I decided then to take a step back. I realized I needed, in John Milton’s words, to behold “the bright countenance of truth in the quiet and still air of delightful studies” before embarking myself “in the ‘troubl’d sea of noises and hoars disputes” of political work. I undertook my doctoral studies at the Universidad Carlos III de Madrid, in Spain. In 2011 – the year my daughter was born – I initiated the postdoctoral project I mentioned before at McGill University under Desmond’s supervision. While at McGill, I applied for my current job at the University of Wollongong.


Covid-19 has left an indelible trace in my life. In June 2020, I lost my mother, Leticia Romero. She passed away unexpectedly and far away from me. In Mexico, funerals usually consist in a wake held with family and friends immediately after a death. The body is present for the vigil, and the family surrounds it in prayer for a day or two. The shackles of Covid-19 travel restrictions forced me to attend Leticia’s funeral by Zoom. I could not kiss her forehead in a final goodbye. The pain of this loss – among many other Covid-19 little and big disasters, including being under lockdown in Wollongong right now, while Twenty Minutes with the Devil is produced in Canberra – has significantly slowed down my work.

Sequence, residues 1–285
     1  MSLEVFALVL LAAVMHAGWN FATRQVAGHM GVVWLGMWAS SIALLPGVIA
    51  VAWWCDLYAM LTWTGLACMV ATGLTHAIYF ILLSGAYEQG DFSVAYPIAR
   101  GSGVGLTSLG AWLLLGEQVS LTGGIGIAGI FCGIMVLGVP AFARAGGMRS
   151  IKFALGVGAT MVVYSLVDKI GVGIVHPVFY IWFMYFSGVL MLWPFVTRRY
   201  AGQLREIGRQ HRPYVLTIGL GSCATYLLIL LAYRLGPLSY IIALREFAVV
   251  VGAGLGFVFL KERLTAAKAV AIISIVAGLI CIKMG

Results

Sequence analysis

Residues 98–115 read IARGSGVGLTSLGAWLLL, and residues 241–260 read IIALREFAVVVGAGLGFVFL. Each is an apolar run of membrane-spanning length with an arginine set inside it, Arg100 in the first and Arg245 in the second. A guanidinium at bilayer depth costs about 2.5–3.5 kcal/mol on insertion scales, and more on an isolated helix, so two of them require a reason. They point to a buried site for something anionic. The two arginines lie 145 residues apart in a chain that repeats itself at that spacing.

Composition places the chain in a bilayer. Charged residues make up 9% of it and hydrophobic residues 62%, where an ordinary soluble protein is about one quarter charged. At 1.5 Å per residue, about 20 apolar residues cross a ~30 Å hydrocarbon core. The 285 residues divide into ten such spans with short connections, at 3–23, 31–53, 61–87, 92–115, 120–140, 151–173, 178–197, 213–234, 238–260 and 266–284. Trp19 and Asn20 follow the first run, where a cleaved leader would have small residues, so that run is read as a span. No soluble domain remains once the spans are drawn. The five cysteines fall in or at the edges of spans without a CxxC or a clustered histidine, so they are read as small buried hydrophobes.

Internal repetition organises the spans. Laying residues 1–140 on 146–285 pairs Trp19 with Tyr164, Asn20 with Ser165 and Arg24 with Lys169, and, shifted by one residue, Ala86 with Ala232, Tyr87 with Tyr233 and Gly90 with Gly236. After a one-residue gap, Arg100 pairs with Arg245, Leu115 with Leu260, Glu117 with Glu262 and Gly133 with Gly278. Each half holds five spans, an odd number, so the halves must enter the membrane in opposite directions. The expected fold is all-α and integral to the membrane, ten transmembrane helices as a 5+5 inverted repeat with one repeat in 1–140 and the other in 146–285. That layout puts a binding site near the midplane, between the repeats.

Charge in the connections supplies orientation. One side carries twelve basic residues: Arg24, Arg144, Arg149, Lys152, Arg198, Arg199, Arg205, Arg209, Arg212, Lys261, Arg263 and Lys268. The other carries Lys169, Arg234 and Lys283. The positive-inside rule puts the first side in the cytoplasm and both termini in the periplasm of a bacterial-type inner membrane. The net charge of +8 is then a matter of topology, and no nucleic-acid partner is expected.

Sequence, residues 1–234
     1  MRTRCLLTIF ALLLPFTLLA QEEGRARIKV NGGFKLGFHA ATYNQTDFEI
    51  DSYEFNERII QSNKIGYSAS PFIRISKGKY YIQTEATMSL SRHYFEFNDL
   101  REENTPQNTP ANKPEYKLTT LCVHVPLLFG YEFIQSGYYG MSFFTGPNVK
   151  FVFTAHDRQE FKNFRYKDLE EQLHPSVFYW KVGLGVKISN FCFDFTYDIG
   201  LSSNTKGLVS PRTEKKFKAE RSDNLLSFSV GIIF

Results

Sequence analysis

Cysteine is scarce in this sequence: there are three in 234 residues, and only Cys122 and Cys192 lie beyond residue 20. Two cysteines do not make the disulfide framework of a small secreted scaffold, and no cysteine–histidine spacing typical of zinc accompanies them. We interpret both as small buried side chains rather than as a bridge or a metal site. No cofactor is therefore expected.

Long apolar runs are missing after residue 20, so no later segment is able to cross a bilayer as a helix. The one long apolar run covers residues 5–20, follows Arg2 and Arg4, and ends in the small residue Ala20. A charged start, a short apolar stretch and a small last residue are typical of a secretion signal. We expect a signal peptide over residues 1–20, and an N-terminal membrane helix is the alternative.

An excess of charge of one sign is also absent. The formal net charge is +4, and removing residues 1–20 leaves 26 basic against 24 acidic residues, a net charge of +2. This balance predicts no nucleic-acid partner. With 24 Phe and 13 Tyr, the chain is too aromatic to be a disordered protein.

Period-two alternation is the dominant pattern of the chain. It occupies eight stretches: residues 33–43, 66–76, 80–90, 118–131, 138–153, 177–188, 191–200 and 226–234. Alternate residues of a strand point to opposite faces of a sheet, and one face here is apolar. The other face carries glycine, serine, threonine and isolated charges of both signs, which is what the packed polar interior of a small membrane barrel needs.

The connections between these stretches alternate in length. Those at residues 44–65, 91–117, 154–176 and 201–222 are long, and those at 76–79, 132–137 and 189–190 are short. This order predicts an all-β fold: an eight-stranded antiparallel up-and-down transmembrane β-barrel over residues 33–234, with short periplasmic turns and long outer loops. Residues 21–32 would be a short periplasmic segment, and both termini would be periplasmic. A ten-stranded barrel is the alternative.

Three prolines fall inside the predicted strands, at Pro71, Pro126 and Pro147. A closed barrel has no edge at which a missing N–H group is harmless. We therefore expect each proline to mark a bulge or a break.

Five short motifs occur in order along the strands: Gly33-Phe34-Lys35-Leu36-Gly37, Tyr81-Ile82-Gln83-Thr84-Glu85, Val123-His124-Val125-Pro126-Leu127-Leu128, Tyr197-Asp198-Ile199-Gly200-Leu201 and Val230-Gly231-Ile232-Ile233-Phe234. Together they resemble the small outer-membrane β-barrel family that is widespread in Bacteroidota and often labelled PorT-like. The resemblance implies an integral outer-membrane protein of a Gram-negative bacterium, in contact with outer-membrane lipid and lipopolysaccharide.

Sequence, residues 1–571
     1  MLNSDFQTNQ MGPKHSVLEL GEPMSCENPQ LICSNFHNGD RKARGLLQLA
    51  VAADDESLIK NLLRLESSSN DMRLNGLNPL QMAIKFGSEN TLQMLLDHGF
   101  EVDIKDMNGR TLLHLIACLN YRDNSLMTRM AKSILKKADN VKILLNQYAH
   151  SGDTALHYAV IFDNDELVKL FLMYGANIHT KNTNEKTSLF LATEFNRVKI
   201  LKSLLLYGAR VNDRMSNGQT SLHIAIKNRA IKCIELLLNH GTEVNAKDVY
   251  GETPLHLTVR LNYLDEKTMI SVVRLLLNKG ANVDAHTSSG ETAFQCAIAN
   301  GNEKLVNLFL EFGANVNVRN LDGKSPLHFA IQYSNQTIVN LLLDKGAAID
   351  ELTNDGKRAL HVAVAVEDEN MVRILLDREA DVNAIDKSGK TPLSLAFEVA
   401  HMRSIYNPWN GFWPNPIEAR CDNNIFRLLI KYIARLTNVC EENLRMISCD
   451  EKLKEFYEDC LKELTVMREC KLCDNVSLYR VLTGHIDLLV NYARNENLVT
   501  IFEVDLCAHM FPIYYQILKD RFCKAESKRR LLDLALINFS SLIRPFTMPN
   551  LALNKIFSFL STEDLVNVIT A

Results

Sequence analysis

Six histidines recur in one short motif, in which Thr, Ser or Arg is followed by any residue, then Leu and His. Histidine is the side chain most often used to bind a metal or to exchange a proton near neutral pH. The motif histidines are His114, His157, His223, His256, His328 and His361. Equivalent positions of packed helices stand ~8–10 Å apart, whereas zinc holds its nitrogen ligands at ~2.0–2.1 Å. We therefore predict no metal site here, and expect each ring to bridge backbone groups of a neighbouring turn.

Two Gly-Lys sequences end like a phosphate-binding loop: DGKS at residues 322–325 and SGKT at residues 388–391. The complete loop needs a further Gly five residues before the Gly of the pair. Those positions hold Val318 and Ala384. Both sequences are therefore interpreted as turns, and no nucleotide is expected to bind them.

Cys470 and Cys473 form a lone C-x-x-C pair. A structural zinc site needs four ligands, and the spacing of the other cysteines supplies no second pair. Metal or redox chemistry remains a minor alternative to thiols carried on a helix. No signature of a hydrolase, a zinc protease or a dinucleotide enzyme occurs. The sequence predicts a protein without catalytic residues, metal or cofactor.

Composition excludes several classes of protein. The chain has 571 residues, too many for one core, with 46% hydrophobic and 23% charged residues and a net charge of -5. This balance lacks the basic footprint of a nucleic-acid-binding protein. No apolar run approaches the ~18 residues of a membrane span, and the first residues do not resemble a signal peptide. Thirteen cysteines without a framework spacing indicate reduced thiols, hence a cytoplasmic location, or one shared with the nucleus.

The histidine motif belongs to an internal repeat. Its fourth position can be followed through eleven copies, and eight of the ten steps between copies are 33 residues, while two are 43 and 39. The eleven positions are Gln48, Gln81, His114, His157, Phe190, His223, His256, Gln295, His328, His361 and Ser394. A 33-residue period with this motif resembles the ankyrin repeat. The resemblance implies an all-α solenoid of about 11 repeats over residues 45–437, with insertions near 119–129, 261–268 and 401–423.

Two women – my wife Macarena and my daughter Mariana – inspire every aspect of my work. Macarena’s bright pupils gently decant quivering stars even in the darkest of nights. Mariana’s melodious laughter undoes the mystery of a joy for life I have never fully understood. Macarena and Mariana: sowers of light and music, without whom (at least for me) the world would not be the world. I am indeed a very lucky man.


I am revisiting a book by Mexican poet José Emilio Pacheco, titled La edad of the tinieblas (The Age of Dark, 2009). Apocalyptic irony permeates Pacheco’s poetry. A brief and yet boundless poem titled “El fin del mundo” (The End of the World), for example, reminds me of the work Desmond and I have done in the play:

The end of the world has already lasted a long time

And everything gets worse

But it doesn’t end.

Perhaps the question our characters ask Desmond and me – and I suppose they will do the same with everyone else they might meet in the future – is what are we doing to stop the slow agony of the world. Justice has waited for too long. Will we keep postponing its realisation?

World premiere season of Twenty Minutes With The Devil at The Street Theatre 21 – 29 August 2021